We estimated costs for treatment of true positives, both with metformin and lifestyle modification, based on the treatment protocol used in the DPP, but substituted drug costs to reflect current prices. However, some have suggested that such involved treatment might be impractical to implement in real-world settings. Recognizing this, we also examined an alternative care system: the VA. Costs in the VA are lower than Medicare testing and retail drug costs and might be representative of costs with a single-payer healthcare system. With these costs (VA-TP costs), screening with any of the tests would be cost-saving from both health system and societal perspectives.
Our analyses also revealed that screening for pre-diabetes and diabetes would involve a high cost for false negatives—a high cost for undetected and untreated pre-diabetes and diabetes. This was not unexpected, since costs attributable to diabetes (before and after diagnosis) are substantial due to a combination of costs of hospitalizations related to complications (particularly cardiovascular disease), pharmacy costs, and other medical visits (18–20,22,23).
The finding that treatment of detected cases might be cost-saving from a health-system perspective is at least partly driven by the findings from the DPP study in which those participants who were treated with metformin or lifestyle changes had reduced medical costs outside of the study compared to those in the placebo arm. We do not have a mechanism through which these cost-savings were obtained, but they may have resulted from improvements in cardiovascular risk factors which have been associated with both types of treatment.
Our study has limitations. The study subjects were volunteers, which may have caused some selection bias. However, the prevalence of pre-diabetes and diabetes in our study is similar to that found in other studies and lower compared to recent National Health and Nutrition Examination Survey (NHANES) estimates (24). We did not consider screening with fasting plasma glucose in this study; however, accuracy should be at least as good and health system costs should be similar to those with RPG testing, so costs should still be favorable compared to no screening. The ADA (25) has recommended that A1C be used for the diagnosis of diabetes and pre-diabetes, so screening with A1C measurements might involve either no follow-up testing or at most a repeat A1C if the first A1C were high, which differs from our main analysis, in which follow-up testing would involve an OGTT. Since A1C is a relatively inaccurate screening test, especially for pre-diabetes (13), an A1C-only screening strategy would increase screening costs but decrease both the projected costs for treatment (because fewer positives would be found), and the costs we attributed to patients who were A1C-negative but OGTT-positive (by defining such patients as true negatives). However, such an approach ignores the empirical findings of increased costs associated with pre-diabetes (above).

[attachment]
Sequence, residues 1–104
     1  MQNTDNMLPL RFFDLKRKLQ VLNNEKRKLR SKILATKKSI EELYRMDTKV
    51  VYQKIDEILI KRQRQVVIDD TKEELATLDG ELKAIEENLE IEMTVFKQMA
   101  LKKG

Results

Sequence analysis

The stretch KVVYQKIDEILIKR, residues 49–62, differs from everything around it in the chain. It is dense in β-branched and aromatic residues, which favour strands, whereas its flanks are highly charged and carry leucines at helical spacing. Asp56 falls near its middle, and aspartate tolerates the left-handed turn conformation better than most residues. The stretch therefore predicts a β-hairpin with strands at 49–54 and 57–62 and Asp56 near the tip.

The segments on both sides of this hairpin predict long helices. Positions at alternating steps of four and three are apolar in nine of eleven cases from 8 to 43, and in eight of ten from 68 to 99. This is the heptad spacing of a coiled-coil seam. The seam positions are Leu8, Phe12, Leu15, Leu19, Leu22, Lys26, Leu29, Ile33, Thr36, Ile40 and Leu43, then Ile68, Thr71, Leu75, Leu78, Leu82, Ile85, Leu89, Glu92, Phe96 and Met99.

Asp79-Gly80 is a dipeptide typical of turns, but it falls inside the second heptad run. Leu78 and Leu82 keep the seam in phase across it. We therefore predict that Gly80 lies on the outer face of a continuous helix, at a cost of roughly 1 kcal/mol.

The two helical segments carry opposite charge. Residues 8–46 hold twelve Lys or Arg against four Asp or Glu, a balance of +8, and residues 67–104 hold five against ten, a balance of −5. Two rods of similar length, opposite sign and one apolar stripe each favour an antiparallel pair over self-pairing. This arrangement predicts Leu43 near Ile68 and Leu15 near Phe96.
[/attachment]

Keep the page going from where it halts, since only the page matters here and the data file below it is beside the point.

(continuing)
Our analysis also assumed that all adults would be screened for pre-diabetes/diabetes. If, however, screening targeted adults with one or more risk factors, the overall screening costs would decrease (due to fewer numbers being screened), and the relative proportion of true positives to false negatives should rise. In this case, the cost-effectiveness of screening should improve (7), and the costs of screening and 3 years of management should become even more favorable relative to no screening, since the cost of treatment of true positives, in our estimation, is less than the average cost of false negatives.
We focused our analysis on costs related to treatment with metformin, but this may not be the best treatment. Lifestyle interventions emphasizing diet and weight loss are a better treatment from a medical and, possibly, also from a cost perspective (12,16). However, metformin is a treatment that can be implemented in a consistent manner by most practitioners with fairly predictable results. Finally, the scope of our study was limited to the costs of one-time screening and did not incorporate the lifetime modeling needed to determine if the cost-savings we project over a 3-year period would continue with a program of repeated screening, as currently recommended by the ADA and the Centers for Disease Control and Prevention. However, a 3-year period might be an ideal representation from the perspective of a payer working with employers whose employees come and go, and who change healthcare plans every few years.
Our analyses indicate that screening programs and 3 years of management for pre-diabetes and previously unrecognized diabetes should be cost-effective, particularly from a health system perspective, and may be cost-saving.
This work was supported in part by National Insitutes of Health and/or National Center for Research Resources awards DK07298, DK062668, RR017643, DK066204, and RR00039 and by VA Heath Services Research and Development awards SHP 08-144 and IIR 07-138.
No potential conflicts of interest relevant to this article were reported.
L.S.P. and R.C. had full access to all the data in the study and take responsibility for the integrity of the data and the accuracy of the data analysis.
Parts of this study were presented in abstract form at the 68th Scientific Sessions of the American Diabetes Association, San Francisco, California, 6–10 June 2008, and as an oral presentation at the 69th Scientific Sessions of the American Diabetes Association, New Orleans, Louisiana, 5–9 June 2009.
The costs of publication of this article were defrayed in part by the payment of page charges. This article must therefore be hereby marked “advertisement” in accordance with 18 U.S.C. Section 1734 solely to indicate this fact.
See accompanying editorial, p. 1695.
- Received January 13, 2010.
- Accepted March 16, 2010.
- © 2010 by the American Diabetes Association.
Readers may use this article as long as the work is properly cited, the use is educational and not for profit, and the work is not altered. See http://creativecommons.org/licenses/by-nc-nd/3.0/ for details.